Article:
ALBANY – As the families of those killed in Buffalo by a hate-filled, disturbed young man continue to grieve, Sen. George Borrello, R-Sunset Bay, called on his legislative colleagues to pass a bipartisan measure he sponsors with Senator Diane Savino, D-Staten Island, that would strengthen the state’s mental health intervention efforts.
“The warning signs that the Buffalo shooter was unbalanced and potentially dangerous were there. His erratic behavior included wearing a hazmat suit to school and comments that he wanted to commit a murder-suicide. There were likely many other signs as well that have not yet come to light,” Borrello said. “This is a situation that is becoming all too familiar. Deeply troubled individuals continue to fall through the cracks of the system, with tragic consequences.”
Savino introduced, with Borrello as a co-sponsor, S.8508/A.9669 in the Senate while Assemblyman Edward Braunstein, D-Bayside, introduced companion legislation in the Assembly. Titled the New York State Mental Health Reform Act, the legislation would amend the Mental Health Law to state care and treatment in a hospital shall be considered essential to a person’s welfare if, in the absence of such care and treatment, the person’s illness is likely to result in serious harm. Such language would allow courts to better consider the best type of treatment and decrease what Savino and Borrello termed a “revolving door of sporadic, inconsequential short-term treatment.”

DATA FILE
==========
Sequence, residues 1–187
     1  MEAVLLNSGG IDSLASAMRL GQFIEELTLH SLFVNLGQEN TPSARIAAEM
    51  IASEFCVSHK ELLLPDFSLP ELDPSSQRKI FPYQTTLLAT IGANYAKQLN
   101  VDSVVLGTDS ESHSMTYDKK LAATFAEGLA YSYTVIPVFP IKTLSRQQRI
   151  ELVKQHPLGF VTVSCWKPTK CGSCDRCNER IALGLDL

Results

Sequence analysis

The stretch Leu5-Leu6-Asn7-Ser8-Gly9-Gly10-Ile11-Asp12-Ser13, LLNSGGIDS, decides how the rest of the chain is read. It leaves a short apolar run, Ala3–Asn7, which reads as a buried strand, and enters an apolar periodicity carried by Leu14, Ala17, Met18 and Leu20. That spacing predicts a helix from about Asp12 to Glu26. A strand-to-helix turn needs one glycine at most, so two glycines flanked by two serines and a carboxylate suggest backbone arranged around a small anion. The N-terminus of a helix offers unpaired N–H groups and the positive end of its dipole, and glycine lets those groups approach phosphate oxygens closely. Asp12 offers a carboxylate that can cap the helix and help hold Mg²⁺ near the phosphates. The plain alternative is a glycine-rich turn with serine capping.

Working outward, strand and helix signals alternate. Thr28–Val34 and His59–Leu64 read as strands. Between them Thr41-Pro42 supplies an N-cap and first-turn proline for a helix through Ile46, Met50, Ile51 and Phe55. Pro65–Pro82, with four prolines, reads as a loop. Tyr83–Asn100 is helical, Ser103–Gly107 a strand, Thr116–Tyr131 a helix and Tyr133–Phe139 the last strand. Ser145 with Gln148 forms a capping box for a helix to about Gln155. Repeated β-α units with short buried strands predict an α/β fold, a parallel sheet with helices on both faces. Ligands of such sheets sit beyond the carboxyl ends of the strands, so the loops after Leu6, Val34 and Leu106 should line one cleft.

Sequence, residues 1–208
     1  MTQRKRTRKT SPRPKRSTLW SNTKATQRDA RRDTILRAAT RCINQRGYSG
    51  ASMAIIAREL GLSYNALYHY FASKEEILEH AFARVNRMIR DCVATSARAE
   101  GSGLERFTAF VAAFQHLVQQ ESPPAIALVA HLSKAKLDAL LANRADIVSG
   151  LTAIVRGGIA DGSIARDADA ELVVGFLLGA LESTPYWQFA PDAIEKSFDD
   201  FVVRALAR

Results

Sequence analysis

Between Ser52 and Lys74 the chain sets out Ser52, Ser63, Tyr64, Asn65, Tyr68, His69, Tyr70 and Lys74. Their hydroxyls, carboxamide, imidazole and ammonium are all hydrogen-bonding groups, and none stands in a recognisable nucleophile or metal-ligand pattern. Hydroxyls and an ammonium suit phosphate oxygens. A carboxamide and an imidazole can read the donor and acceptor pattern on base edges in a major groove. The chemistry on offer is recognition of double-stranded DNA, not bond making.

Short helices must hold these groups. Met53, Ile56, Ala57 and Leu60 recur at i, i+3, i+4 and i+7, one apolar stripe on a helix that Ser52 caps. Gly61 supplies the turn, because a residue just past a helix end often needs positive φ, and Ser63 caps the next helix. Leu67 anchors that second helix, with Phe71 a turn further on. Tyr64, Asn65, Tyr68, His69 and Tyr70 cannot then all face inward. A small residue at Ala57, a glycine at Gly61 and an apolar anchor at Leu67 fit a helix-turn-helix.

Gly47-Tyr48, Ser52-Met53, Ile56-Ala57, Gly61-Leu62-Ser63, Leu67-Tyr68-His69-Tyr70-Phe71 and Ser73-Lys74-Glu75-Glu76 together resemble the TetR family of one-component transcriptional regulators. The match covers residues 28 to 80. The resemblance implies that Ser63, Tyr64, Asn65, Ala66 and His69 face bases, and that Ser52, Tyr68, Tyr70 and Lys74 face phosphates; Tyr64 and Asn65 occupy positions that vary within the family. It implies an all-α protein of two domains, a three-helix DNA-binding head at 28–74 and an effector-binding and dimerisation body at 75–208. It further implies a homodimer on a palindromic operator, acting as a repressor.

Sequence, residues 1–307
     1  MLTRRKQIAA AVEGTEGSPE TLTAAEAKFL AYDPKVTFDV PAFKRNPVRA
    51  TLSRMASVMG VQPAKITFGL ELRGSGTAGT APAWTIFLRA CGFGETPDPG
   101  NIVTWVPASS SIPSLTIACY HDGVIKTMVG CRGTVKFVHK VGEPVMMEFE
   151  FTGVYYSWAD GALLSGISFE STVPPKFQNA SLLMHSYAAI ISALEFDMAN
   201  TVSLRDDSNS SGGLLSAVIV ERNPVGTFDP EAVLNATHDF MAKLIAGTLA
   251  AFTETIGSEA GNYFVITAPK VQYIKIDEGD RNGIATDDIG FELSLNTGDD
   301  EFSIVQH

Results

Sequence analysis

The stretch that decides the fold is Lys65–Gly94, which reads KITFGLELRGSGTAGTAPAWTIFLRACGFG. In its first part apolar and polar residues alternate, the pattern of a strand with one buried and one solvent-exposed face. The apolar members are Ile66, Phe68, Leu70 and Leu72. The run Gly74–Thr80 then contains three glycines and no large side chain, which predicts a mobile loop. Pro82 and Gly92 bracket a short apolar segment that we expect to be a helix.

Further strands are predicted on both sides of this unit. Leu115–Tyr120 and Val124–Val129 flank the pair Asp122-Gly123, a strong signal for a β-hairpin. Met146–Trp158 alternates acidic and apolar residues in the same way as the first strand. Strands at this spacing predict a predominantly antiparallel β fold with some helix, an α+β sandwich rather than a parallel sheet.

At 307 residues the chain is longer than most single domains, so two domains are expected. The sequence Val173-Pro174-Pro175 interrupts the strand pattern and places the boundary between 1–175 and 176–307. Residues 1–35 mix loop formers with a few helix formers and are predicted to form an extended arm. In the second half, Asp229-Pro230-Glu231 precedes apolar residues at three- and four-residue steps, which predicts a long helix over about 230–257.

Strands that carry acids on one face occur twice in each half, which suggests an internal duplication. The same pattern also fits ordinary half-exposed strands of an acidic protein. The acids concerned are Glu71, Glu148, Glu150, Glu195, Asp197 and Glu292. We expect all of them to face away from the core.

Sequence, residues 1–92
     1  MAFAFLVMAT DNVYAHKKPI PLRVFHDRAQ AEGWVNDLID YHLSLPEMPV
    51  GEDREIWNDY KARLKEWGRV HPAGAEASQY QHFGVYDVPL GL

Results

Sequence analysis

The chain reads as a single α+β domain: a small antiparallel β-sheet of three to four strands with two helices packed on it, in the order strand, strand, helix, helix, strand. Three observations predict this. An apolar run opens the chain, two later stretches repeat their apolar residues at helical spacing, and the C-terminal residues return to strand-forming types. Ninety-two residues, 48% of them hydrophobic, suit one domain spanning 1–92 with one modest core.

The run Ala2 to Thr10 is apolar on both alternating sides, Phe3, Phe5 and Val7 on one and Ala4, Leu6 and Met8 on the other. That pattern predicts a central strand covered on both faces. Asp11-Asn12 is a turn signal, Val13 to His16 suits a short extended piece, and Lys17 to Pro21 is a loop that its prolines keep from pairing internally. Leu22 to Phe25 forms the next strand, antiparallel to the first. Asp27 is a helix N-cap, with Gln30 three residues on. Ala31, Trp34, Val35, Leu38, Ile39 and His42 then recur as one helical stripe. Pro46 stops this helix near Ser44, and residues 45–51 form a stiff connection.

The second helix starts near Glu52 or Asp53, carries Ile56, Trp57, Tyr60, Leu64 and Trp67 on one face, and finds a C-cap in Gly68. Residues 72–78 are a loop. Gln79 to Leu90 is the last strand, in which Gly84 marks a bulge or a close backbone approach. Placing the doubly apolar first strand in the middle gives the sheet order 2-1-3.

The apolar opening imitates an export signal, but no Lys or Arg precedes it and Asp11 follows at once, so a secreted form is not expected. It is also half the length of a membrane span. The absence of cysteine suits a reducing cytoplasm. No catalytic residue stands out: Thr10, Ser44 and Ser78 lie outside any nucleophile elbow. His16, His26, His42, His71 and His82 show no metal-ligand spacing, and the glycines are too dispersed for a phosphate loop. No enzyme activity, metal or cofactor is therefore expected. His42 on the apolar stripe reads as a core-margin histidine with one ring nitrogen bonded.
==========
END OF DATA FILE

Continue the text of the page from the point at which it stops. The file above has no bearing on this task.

The Mental Health Reform Act would also add a clearer definition of the phrase “likely to result in serious harm” so courts can determine if a person’s mental state results in interference with the person’s ability to meet their needs for clothing, food, shelter or medical care. A clearer definition of the phrase “need for retention” would allow for more consistent treatment, Savino wrote, and allow doctors to consider the effect of discharging a person from care before the right treatment is established.
Borrello pointed to the killing of two New York Police Department officers, the murder of a New York City woman after a man pushed her in front of a subway train or the murder of 10 people by Payton Gendron in Buffalo as examples of why the state’s approach to mental health must chanage.
“What may have made the difference in these cases was effective mental health intervention for the perpetrators, who all had histories and/or symptoms of serious mental illness. Tragically, there is no way to turn back the clock. However, what we can do is strengthen our mental health intervention tools, to reduce the future risks of another devastating incident. Continuing to ignore the problem only ensures there will continue to be tragedies that may have been prevented.” While none of us can know for certain what would or would not have prevented this horrific and brutal attack, what we can almost guarantee is that unless we strengthen our state’s mental health interventions and resources, there will be more senseless tragedies and loss of life,” Borrello said. “While most individuals with mental illness are not violent, just one dangerously ill person can cause mass calamity and death, as we know all too well. Our proposal deserves to be part of any comprehensive plan aimed at closing the myriad gaps in our mental health laws. The system’s failures and consequences have been worsening in recent years, which makes it imperative that we act now.”